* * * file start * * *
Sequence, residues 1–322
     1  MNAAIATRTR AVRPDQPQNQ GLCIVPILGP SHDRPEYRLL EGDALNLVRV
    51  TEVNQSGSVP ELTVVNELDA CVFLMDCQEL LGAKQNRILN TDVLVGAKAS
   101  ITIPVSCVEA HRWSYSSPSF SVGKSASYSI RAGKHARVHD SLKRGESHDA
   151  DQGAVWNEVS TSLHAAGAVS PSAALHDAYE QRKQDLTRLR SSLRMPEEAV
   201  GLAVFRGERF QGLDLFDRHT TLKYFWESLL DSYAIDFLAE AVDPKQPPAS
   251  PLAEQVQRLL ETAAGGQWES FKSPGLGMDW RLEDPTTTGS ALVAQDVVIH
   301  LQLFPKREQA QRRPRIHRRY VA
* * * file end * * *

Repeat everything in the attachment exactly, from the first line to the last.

Sequence, residues 1–322
     1  MNAAIATRTR AVRPDQPQNQ GLCIVPILGP SHDRPEYRLL EGDALNLVRV
    51  TEVNQSGSVP ELTVVNELDA CVFLMDCQEL LGAKQNRILN TDVLVGAKAS
   101  ITIPVSCVEA HRWSYSSPSF SVGKSASYSI RAGKHARVHD SLKRGESHDA
   151  DQGAVWNEVS TSLHAAGAVS PSAALHDAYE QRKQDLTRLR SSLRMPEEAV
   201  GLAVFRGERF QGLDLFDRHT TLKYFWESLL DSYAIDFLAE AVDPKQPPAS
   251  PLAEQVQRLL ETAAGGQWES FKSPGLGMDW RLEDPTTTGS ALVAQDVVIH
   301  LQLFPKREQA QRRPRIHRRY VA